No gingerbread house is complete without a garden, so make sure to save some sweets for the ‘outdoors’ area. You can have anything from a green coconut summery garden to a winter scape. Use cookie cutters to make biscuits – gingerbread people, stars, Christmas trees, reindeer and anything else you can imagine can adorn the garden space. Add trees or santas made from icing sugar (usually used to decorate cakes), little toadstool sweets or miniature sized Christmas table decorations. For the super sweet toothed, you could even do a candy-paving with swirly-lolly ‘trees’.

Gingerbread House Garden

Add candy canes, a few details to the windows and doors – silver balls, jelly babies, jelly tots and other small sweets all work well for adding little details, and before you know it – you have a beautiful gingerbread house.

Thermomix® Lemon Drizzle Cake Recipe

Lemon Drizzle Cake

I love Lemon Drizzle Cake. I have tried so many different recipes to find one that I love, and I think I finally have it.  This recipe makes a beautiful sugary crust on top, while the cake stays moist and yummy. It’s lemony flavour goes throughout the cake, and is, quite frankly, delicious.Lemon Drizzle Cake

The benefit of doing it with the Thermomix® is that it’s fast as can be – I made this and two other cakes and two breads in 90 minutes today!

Lemon Drizzle Cake Recipe

I use a lemon zester for the skin as that’s easier for me than ‘peeling’ the lemon with a potato peeler to add the skins to the bowl. That said, I do use a peeler for a few bits for the top of the cake. I think that’s quite pretty.

If you don’t have a Thermomix®, the original recipe is here. Below you’ll find it adapted for Thermomix®, though you can do the same in any food processor, really – just use your beating fittings for the butter, and the mixing one to combine it all.

Lemon Drizzle Cake
Prep time
Cook time
Total time
This cake can keep for 3 - 4 days, (if you can show that much discipline!) and freezes quite well.
Recipe type: Cake, Thermomix®
Serves: 12
  • finely grated zest 1 lemon (or finely peeled skin)
  • 225g sugar
  • 225g unsalted butter
  • 4 eggs
  • 225g self-raising flour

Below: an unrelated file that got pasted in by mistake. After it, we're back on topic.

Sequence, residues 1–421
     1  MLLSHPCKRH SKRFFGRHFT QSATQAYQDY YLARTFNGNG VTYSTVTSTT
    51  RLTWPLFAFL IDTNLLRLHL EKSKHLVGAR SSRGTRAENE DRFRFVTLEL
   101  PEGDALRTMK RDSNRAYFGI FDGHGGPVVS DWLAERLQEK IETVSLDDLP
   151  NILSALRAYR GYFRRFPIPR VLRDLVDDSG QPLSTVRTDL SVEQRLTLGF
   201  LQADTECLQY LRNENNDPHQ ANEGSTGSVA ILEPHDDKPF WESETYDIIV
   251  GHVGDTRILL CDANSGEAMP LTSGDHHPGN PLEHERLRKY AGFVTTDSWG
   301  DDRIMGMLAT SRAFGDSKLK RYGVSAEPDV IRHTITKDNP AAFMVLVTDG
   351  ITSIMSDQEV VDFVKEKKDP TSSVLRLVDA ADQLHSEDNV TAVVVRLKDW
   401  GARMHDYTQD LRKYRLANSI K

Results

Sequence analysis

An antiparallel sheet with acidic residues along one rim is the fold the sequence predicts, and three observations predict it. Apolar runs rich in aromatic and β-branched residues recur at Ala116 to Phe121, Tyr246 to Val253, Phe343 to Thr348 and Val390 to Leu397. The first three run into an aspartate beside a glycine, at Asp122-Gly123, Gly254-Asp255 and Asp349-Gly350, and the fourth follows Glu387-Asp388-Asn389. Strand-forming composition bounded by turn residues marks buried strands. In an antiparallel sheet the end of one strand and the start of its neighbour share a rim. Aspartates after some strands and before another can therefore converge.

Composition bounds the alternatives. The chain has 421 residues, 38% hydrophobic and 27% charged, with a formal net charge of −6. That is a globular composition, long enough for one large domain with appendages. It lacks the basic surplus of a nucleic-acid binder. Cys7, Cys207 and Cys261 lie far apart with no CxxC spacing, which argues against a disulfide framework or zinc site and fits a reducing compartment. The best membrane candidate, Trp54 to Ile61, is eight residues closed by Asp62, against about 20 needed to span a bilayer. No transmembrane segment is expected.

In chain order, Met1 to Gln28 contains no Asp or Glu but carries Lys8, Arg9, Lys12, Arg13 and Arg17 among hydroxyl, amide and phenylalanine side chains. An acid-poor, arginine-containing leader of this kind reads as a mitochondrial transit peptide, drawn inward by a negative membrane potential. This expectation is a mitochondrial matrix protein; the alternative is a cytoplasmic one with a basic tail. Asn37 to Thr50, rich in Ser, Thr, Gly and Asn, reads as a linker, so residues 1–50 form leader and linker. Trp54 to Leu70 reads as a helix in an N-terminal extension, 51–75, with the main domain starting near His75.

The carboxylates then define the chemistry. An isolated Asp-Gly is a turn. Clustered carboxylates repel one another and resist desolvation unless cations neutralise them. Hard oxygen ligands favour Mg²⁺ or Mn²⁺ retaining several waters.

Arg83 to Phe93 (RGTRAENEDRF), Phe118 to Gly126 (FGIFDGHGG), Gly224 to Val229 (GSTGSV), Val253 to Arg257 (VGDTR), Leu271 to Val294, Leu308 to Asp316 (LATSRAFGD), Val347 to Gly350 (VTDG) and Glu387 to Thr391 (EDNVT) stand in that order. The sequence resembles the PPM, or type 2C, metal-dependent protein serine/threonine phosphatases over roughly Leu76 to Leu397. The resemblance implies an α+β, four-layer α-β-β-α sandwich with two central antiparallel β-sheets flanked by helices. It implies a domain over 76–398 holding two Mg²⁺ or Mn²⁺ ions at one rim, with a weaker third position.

For the drizzle
  • juice of 1 lemon
  • 85g icing sugar & extra to sprinkle
  1. Preheat oven to 180C/fan 160C/gas 4.
  2. In the thermomix, add the sugar, and thin slices of peeled lemon skin and mix sp5/20 secs. (I have a fantastic zester so it's easier for me to just add the zest to the sugar than to try to peel the lemon first)
  3. Add the butterfly then add the butter and mix 1 min/speed 4 until pale and creamy - you may need to scrape down the sides half way through.
  4. Keep the blades running at speed 4, and add the eggs, then add the flour through the lid of the Thermomix® bowl while it's running - about 1 minute to add it all.
  5. Oil or line a baking tray and spoon the mixture in and level it out.
  6. Bake for 45-50 mins until a thin skewer inserted into the centre of the cake comes out clean.
  7. Mix together the juice of the lemon and 85g icing sugar. Pierce holes around the cake using a fork or knife edge) then pour the drizzle over the warm cake. Make sure to cover all the cake.
  8. The juice will sink in and the sugar will form a lovely, crisp topping. Sieve over additional icing sugar if you wish for the white colouring. Top with more grated lemon.
  9. Leave in the tin until completely cool, then remove and serve.


Good For You Chocolate Coconut Macaroons

No bake chocolate macarroonsNo bake chocolate macarroons

I love chocolate way more than I should and a lot more than I wish I did. I’m always looking for ways to indulge the craving for cocoa without piling on the sugar, largely because when I do, my kids do and the whole harmony of the home kind of falls apart.

This recipe is originally from Oh She Glows|, but I’ve been playing with it to both adapt it to our tastes, and change the recipe for the Thermomix®, meaning it’s in grams rather than cups, which makes it easier for me and my Thermie friends to use.

No bake chocolate macarroonsNo bake chocolate macarroons

I’m pretty sure you could be really flexible on it too – we made something similar from a cook book I had as a child, which used boiled sugar and tasted amazing, but added oats. You could probably add raisins quite successfully too, or other dried fruit. the options are rather endless. I imagine candied orange peel would make a perfect Christmassy – slash -winterry treat too.